ISSN: 2640-7582
International Journal of Clinical Endocrinology and Metabolism
Research Article       Open Access      Peer-Reviewed

Hypoglycemia as first presentation of insulin resistance-A case report

Sourya Sourabh Mohakuda1 and J Muthukrishnan2*

1Clinical Tutor, General Medicine, AFMC, Pune, India
2Professor in Medicine and Endocrinology, Department of Endocrinology, Base Hospital, Delhi Cantonment, New Delhi, Delhi 110010, India
*Corresponding author: J Muthukrishnan, Professor in Medicine and Endocrinology, Department of Endocrinology, Base Hospital, Delhi Cantonment, New Delhi, Delhi 110010, India, Tel: +91-9145630535/ +918698951237; E-mail:
Received: 26 December, 2019 | Accepted: 27 January, 2020 | Published: 28 January, 2020
Keywords: Post prandial hypoglycemia; Insulin resistance; Glycemic index; Alpha glucosidase inhibitors

Cite this as

Mohakuda SS, Muthukrishnan J (2020) Hypoglycemia as first presentation of insulin resistance-A case report. Int J Clin Endocrinol Metab 6(1): 005-007. DOI: 10.17352/ijcem.000043

Post prandial hypoglycemia refers to low blood glucose levels in the post meal period. In absence of any gastro-intestinal abnormality or surgery, other less common conditions need consideration. Extended glucose tolerance test helps confirm the diagnosis. The timing of hypoglycemia post meals and the corresponding insulin and C-peptide values help in understanding its pathophysiology. Hyperinsulinemia in Insulin resistance can also rarely present initially with post meal hypoglycemia. Frequent low glycemic index meals along with alpha-glucosidase inhibitors help alleviating the symptoms. We report this case for its rarity and clinical relevance.


There is no clear cut consensus in defining glucose levels that defines hypoglycaemia. However in practice, plasma glucose level (BG) below 54mg/dl in non-diabetic individuals and below 70mg/dl in diabetics is considered as hypoglycaemia [1].

In non-diabetic individuals the hypoglycaemia can be either fasting or post prandial. While insulinoma is suspected in cases with fasting hypoglycaemia, dumping syndromes predominate the causes for post prandial hypoglycaemia [2,3].

We present a case with late onset post prandial hypoglycaemic symptoms and discuss the approach and management of such a problem.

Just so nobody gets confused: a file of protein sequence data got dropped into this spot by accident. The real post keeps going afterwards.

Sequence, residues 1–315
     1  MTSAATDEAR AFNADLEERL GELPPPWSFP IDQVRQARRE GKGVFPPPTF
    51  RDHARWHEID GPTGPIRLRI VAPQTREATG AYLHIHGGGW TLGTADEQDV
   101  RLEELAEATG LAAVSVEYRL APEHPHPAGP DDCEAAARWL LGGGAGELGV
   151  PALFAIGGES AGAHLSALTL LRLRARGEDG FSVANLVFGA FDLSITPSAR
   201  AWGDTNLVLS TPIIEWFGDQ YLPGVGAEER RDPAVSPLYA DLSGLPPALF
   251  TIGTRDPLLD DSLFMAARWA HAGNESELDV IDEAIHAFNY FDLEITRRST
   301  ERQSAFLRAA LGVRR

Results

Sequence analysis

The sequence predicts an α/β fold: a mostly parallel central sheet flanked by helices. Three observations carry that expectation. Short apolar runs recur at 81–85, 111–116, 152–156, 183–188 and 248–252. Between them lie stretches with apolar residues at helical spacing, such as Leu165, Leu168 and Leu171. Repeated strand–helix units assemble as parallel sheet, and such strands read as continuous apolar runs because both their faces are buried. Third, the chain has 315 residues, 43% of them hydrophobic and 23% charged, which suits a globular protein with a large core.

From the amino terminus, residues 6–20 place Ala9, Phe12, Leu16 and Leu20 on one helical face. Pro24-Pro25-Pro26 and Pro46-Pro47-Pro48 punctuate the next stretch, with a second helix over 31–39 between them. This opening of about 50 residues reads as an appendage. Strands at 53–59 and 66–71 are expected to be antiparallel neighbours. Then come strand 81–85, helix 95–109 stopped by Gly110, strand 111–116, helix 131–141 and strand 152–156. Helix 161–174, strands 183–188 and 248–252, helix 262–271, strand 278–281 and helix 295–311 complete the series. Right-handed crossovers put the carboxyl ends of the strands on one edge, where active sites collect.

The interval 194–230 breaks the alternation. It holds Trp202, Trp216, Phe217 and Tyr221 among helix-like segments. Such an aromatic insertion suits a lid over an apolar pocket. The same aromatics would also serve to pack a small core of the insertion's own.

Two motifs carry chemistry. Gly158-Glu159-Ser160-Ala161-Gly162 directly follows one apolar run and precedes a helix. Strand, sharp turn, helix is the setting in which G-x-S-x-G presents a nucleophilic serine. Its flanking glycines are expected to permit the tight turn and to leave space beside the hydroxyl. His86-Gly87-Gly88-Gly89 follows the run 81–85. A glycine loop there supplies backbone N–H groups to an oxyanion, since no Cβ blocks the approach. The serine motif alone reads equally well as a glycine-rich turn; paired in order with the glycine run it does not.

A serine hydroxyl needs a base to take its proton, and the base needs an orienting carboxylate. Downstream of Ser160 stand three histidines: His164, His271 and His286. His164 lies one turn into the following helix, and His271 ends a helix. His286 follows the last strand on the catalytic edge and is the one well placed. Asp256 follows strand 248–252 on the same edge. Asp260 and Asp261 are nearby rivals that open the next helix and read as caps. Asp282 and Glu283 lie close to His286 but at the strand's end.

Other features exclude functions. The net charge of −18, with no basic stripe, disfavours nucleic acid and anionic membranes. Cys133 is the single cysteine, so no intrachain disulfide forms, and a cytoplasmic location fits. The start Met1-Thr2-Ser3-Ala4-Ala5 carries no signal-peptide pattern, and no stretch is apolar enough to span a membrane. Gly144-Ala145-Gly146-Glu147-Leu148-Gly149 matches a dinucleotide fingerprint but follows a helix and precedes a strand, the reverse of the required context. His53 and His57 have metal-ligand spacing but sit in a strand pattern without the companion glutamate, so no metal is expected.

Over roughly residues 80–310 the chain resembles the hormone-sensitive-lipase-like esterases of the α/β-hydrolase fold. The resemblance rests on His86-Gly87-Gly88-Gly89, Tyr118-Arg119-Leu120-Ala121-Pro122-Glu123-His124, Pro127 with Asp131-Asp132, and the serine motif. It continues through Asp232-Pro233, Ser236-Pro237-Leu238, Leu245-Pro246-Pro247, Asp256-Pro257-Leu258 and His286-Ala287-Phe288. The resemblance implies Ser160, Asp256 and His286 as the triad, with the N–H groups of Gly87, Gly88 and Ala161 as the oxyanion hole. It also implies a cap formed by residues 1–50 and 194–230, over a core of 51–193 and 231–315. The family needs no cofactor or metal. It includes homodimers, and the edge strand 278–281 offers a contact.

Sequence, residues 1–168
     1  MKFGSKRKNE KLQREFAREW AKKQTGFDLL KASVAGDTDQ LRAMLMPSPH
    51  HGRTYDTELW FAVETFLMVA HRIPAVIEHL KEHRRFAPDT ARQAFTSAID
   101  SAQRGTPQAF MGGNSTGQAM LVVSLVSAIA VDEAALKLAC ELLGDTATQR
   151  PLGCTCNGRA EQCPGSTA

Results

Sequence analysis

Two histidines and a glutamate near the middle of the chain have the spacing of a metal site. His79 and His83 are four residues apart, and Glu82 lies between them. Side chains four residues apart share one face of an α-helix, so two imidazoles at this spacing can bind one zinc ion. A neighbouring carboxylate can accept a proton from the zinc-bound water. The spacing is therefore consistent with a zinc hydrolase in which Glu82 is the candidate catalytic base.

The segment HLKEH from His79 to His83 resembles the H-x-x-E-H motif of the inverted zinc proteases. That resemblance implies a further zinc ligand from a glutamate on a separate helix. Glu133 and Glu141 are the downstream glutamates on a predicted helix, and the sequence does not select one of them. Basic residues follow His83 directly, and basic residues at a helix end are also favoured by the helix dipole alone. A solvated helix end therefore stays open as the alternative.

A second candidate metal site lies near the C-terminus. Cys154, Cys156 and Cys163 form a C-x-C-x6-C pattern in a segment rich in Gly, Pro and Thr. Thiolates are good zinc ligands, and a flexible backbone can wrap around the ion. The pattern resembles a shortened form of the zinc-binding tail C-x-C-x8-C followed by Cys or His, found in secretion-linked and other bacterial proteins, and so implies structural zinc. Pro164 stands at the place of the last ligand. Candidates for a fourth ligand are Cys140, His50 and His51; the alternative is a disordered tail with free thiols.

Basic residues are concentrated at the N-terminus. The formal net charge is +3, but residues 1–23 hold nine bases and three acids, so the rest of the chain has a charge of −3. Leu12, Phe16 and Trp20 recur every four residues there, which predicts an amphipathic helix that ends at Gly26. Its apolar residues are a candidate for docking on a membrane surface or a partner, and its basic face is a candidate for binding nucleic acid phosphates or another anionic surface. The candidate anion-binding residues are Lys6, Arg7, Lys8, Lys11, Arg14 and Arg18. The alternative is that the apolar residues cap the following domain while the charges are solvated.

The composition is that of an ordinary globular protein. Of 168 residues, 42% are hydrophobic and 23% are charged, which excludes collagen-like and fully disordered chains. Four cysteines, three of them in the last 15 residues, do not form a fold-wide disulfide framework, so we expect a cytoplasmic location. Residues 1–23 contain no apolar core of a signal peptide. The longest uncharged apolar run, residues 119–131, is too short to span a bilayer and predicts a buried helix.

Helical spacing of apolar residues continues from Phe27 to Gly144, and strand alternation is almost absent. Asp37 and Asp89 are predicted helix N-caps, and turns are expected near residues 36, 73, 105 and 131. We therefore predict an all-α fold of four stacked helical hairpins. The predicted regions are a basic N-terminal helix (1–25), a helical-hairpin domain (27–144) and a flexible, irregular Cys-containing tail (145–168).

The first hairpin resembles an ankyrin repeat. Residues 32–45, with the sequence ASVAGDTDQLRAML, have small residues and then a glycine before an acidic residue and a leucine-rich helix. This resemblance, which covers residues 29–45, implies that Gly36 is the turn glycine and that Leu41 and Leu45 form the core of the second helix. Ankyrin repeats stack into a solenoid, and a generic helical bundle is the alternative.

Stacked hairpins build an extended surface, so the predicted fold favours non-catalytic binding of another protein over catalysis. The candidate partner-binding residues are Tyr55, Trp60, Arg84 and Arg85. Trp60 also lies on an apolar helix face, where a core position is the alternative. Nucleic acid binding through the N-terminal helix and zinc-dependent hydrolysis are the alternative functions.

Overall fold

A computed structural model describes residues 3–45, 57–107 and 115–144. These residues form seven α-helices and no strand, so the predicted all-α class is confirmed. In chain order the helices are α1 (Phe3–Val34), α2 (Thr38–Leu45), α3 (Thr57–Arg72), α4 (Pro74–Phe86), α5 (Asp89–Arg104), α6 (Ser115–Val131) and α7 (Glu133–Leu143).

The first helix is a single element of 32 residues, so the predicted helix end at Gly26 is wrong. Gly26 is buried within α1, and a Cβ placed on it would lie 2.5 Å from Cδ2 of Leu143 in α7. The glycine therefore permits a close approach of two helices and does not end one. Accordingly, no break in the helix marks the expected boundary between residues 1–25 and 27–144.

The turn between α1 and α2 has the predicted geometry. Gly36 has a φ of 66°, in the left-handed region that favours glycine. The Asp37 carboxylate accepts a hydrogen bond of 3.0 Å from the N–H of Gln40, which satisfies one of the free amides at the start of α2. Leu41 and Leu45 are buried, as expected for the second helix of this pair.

Case presentation

A 55-year old lady, presented to the out-patient department with complaints of several episodes of dizziness 3-4hours post meals for a period of one year. She had no other significant past illness or surgeries and was not on any drugs. She was obese ( Wt 77.8kg, BMI 32kg/m2, waist circumference 104cm). Her pulse was 76per min, blood pressure was 126/80mmHg. She had markers of insulin resistance in the form of acanthosis nigricans and skin tags. Systemic examination was normal. Her fasting plasma glucose was 98mg/dl, HDL 34mg/dl and triglycerides level was 168mg/dl. She used to keep fasts for 24hours off and on for religious purpose and had no history suggestive of similar episodes in those days.

A possibility of post prandial hypoglycaemia was considered and she was advised to check her blood glucose levels with a glucometer when symptomatic. The relevant findings during these episodes are as given below Table 1.

Based on the above findings, she was subjected to a extended Glucose Tolerance Test (eGTT) in which 75gm of glucose post 10 hours of fasting was administered orally and the blood samples were drawn every 60mins for next 4hours. Care was taken to stop the test if symptomatic hypoglycaemia develops.

Her blood glucose levelswere analysed from the samples Figure 1.

Although the fasting blood sugar was normal and had a physiological rise till post 2hours. However the BSL was 62mg/dl at 3hr and 54mg/dl at 4hr of eGTT.

On the sample collected at 4th hour of eGTT and the fasting sample, serum insulin and c- peptides levels were analysed Table 2.

The levels of insulin and c peptide were disproportionately high in the setting of hypoglycaemia where it was expected to be nearly absent.

Her homeostatic model assessment score for insulin resistance (HOMA-IR) based on fasting glucose and insulin levels were 3.39, suggestive of moderate insulin resistance.